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The History Of The Liberal Neutrality Politics Essay

Paper Type: Free Essay Subject: Politics
Wordcount: 2219 words Published: 1st Jan 2015

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The question is should all government decisions be made on a neutral basis or is there a point where the government should be able to make a decision that they believe if for the best interest of the individual? This issue is discussed by multiple authors and looked at from different angles. John Stuart Mill discusses his opinion of government authority as it affects an individual’s interests in his essay “On Liberty”. Joseph L. Sax discusses his opinion of government authority as it affects the national parks and individual’s different interests within the parks in his book Mountains without Handrails. Both Mill and Sax look at government involvement and decision making in two different ways. One as it applies directly to any interest of an individual and the other as it applies only to an individual’s interests in a specific area.

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The main topic of Mill’s essay is civil or social liberty. He defines social liberty as “the nature and limits of the power which can be legitimately exercised by society over the individual” (Mill, 5). Social liberty allows an individual to govern themselves to a certain point. This point is where they potentially could cause harm to others. Once an individual has reached this point, society or the government can step in to prevent harm of another person. Society is neutral in an individual’s interests until this point has been reached and they have the authority to interfere with an individual’s interest if they deem it harmful to others. This is the idea of the harm principle. Mill says “the only purpose for which power can be rightfully exercised over any member of a civilized community, against his will, is to prevent harm to others” (Mill, 14). In one sense social liberty follows the idea of liberal neutrality but it has a loop hole that allows for some bias decision making by society to protect others. Where society does interfere with an individual’s interest it is doing so for the best interest of the rest of society and preventing harm to them. The negative effect of interfering with a single individual’s interests is outweighed by protecting one or more individuals from harm that is not necessary for them to endure. All decisions come down to choosing between protecting the interests of an individual or society as a whole.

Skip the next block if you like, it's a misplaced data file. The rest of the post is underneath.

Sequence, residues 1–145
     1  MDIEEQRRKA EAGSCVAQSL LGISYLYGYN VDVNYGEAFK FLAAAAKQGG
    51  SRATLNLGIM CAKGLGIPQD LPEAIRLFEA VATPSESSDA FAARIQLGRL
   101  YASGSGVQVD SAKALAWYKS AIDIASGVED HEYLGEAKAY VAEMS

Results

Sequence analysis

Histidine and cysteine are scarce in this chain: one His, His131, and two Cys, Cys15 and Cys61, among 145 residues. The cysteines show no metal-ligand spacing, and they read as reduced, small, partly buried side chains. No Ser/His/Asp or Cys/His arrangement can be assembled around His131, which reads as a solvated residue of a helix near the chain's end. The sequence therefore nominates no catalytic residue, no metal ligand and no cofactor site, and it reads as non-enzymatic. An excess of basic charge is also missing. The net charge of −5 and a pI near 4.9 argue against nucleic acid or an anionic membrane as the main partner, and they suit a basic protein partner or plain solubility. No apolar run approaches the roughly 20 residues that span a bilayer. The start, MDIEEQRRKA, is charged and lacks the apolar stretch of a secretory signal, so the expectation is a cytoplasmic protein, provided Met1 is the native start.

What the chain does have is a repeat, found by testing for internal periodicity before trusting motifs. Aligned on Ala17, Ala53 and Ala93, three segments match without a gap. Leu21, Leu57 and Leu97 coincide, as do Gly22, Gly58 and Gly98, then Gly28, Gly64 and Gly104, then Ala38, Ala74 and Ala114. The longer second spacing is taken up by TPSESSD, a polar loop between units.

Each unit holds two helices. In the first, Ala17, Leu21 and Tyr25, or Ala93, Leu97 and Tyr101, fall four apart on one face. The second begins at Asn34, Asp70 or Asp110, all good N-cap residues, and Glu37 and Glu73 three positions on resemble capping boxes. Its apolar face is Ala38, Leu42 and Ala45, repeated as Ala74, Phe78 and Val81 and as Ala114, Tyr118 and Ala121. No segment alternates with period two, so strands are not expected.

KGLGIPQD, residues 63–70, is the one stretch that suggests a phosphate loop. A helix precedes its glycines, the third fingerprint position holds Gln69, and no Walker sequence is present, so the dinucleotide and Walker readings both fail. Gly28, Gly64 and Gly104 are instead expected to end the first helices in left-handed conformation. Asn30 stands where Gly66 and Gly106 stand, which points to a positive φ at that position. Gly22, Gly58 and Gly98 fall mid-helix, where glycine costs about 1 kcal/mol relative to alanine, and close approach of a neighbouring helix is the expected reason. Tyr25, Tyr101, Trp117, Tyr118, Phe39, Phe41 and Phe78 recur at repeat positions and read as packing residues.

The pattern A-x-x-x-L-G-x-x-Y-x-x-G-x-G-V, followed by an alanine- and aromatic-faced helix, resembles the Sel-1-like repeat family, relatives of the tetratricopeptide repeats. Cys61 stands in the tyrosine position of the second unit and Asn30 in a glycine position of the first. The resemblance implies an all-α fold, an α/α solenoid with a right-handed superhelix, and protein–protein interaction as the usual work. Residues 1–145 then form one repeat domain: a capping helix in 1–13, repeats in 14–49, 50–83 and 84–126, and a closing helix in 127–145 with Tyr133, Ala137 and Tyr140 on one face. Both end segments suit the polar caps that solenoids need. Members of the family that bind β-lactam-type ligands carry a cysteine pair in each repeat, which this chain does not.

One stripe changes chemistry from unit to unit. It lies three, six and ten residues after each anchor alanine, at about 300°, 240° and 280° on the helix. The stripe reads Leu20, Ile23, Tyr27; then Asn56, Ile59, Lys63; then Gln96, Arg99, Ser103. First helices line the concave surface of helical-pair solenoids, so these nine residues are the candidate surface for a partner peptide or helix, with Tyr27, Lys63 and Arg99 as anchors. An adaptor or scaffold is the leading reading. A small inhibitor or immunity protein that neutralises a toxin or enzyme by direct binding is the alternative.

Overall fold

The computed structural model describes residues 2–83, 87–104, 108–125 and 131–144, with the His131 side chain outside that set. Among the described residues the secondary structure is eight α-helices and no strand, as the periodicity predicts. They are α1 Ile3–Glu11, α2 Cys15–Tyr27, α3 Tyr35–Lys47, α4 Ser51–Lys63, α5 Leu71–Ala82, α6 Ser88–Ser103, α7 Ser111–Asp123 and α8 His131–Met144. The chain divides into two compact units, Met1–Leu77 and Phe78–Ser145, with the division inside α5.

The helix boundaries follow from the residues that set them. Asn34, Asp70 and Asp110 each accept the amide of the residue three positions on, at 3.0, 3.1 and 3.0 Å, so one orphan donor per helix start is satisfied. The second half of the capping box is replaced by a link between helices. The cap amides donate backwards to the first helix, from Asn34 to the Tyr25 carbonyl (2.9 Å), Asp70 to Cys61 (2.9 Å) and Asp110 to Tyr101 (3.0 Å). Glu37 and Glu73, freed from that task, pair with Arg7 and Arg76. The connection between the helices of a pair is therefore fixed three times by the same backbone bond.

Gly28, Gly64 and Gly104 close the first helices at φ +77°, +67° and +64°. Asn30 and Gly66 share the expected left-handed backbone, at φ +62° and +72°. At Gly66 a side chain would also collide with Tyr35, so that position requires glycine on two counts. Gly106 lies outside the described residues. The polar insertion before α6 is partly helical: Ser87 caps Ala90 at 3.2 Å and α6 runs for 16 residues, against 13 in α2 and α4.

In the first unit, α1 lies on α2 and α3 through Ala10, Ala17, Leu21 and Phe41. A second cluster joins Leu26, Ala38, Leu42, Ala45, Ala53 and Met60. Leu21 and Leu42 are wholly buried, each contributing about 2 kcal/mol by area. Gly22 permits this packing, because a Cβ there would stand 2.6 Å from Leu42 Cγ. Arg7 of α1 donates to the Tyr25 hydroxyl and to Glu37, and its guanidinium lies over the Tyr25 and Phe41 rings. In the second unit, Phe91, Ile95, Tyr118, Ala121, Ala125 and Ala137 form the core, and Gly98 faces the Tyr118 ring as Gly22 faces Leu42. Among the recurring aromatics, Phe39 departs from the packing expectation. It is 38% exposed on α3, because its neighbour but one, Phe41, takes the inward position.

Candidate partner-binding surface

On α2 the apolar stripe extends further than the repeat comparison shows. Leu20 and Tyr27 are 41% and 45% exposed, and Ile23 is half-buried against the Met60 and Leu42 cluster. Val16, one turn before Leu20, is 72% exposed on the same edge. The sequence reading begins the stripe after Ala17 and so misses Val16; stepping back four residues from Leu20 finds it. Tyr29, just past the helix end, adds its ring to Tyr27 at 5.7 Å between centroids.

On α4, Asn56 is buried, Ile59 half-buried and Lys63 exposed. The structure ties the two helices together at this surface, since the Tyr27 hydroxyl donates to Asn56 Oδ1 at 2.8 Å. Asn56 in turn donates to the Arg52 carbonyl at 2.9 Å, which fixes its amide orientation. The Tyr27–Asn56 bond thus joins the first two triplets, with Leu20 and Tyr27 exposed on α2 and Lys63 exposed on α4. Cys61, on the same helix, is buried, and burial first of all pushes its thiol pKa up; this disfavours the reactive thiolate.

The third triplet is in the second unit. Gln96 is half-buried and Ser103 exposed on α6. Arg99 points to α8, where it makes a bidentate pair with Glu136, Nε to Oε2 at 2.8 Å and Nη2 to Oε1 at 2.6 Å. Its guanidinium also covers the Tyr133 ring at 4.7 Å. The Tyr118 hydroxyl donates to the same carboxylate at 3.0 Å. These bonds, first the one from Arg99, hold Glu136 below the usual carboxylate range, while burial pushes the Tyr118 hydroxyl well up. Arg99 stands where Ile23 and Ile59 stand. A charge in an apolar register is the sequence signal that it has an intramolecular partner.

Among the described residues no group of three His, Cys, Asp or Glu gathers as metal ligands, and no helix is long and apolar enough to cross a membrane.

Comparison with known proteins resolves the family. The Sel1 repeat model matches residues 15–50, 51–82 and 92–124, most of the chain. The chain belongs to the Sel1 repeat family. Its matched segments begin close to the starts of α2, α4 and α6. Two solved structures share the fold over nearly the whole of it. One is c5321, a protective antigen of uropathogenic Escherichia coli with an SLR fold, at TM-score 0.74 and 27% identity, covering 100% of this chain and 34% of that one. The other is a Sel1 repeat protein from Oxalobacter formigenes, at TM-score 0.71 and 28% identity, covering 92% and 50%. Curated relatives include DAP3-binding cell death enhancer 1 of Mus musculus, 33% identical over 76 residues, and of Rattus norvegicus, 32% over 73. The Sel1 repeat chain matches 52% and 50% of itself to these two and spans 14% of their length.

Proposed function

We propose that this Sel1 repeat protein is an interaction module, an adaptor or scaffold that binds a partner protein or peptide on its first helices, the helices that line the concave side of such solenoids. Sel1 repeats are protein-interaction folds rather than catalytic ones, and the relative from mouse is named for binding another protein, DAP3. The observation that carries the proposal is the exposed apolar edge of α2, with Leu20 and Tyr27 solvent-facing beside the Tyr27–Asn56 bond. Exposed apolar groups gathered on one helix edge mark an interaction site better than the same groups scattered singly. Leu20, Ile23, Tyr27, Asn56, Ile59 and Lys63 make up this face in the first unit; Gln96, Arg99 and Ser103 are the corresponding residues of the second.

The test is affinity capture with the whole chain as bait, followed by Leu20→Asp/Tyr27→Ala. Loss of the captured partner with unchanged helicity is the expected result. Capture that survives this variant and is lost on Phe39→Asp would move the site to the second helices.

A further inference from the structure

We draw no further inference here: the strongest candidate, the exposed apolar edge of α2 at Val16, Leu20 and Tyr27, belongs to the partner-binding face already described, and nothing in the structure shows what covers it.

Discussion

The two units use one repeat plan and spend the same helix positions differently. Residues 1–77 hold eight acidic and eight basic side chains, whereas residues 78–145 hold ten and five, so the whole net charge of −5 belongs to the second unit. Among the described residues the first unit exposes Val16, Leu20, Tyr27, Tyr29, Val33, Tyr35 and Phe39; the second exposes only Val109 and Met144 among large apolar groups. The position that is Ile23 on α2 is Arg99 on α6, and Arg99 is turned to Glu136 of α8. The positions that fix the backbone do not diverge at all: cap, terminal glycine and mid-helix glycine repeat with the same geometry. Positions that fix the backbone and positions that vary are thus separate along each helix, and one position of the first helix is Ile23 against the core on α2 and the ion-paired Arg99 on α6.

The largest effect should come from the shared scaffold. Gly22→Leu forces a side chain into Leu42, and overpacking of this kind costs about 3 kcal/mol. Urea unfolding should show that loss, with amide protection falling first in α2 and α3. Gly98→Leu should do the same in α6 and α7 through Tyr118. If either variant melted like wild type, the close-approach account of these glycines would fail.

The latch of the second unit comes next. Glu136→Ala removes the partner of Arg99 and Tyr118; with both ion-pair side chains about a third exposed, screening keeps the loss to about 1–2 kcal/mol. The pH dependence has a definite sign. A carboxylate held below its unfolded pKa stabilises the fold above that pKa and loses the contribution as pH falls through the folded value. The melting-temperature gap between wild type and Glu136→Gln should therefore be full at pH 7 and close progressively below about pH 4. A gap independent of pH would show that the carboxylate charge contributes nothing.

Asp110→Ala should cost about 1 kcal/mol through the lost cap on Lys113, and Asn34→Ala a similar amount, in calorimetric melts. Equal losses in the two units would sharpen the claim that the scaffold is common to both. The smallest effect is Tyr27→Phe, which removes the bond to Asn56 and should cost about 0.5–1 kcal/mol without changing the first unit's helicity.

One topic that Mill discusses is the struggle between liberty and authority. Liberty was put in place as means of protection for people from their political rulers. At the time people were born into power and liberty was kind of like a clause if the ruler became a tyrant. Authority is needed to prevent individuals from taking actions that would be morally wrong (causing harm to others). Society then changed and all rulers were no longer born into power, they were chosen to represent the people. The representatives of the people were to represent the best interests of the individuals and this would eliminate the need for some forms of liberty and authority since the people would be need to be protected from their own will. One thing that was over looked was the fact that a single group of representatives cannot accurately represent the entire population, they can only represent the majority and the majority is made up of the individuals who are active in getting their voice heard and does not necessarily represent the entire population. This is the idea of tyranny of the majority. Tyranny of the majority occurs when the majority’s interests are placed above the minority’s interests and causes minorities to be discouraged in getting their opinions heard.

This brings society back to the same struggle of liberty and authority and where to draw the line between the two. Individuals want to have the power to so as they please but there should be some guide lines or limits to this power. Mill does not explicitly state what all of these guidelines or limits should be with the exception of causing harm to others. Are more guidelines really needed than that? What is society as a whole just decided to do away with rules, regulations and all types of society authority with the exceptions of something that enforced not doing harm to others and just let an individual decide how they wanted to live their life? This is what libertarians advocate for, liberal neutrality. Having a society with no rules or regulations with only a few minor exceptions, would allow for an individual to focus on their interests and preferences and allow them to achieve their version of the good life since there would be not interferences from society.

Having liberties can produce a positive effect in individuals if they are given the opportunity to effectively utilize their liberties. Although Mill’s essay was published in 1859, the ideas he presents are still currently being discusses such as in Mark Sagoff’s “Can Environmentalists be Liberals?”, Cary Coglianese’s “Implications of Liberal Neutrality for Environmental Policy” and Andrew Vincent’s “Liberalism and the Environment”. There is no wrong answer to the struggle between liberty and authority and there is a possibility of multiple right answers for this struggle. Mill discusses liberty in a broad sense, and does not apply it to a specific area of interest but to all areas of interest to an individual.

Sax discusses liberty and authority as it directly affects national parks and the individuals who benefit from them. He tries to answer or at least present the different sides of answering the question “should the national parks basically be treated as recreational commodities, responding to the demand for development and urban comforts that visitors conventionally bring to them or should they be reserves as temples of nature worship admitting only the faithful?” (Sax, 2) Preservationists represent one side of this issue and want national parks to remain undisturbed by human activities. The preference for undisturbed nature and recreation in nature is merely just a matter of taste specific to each individual and no policy will be able to please all parties. One individual’s interest and preference for a national park may contradict another individual’s interests and preferences, which make it difficult for society to remain neutral n its decision making process.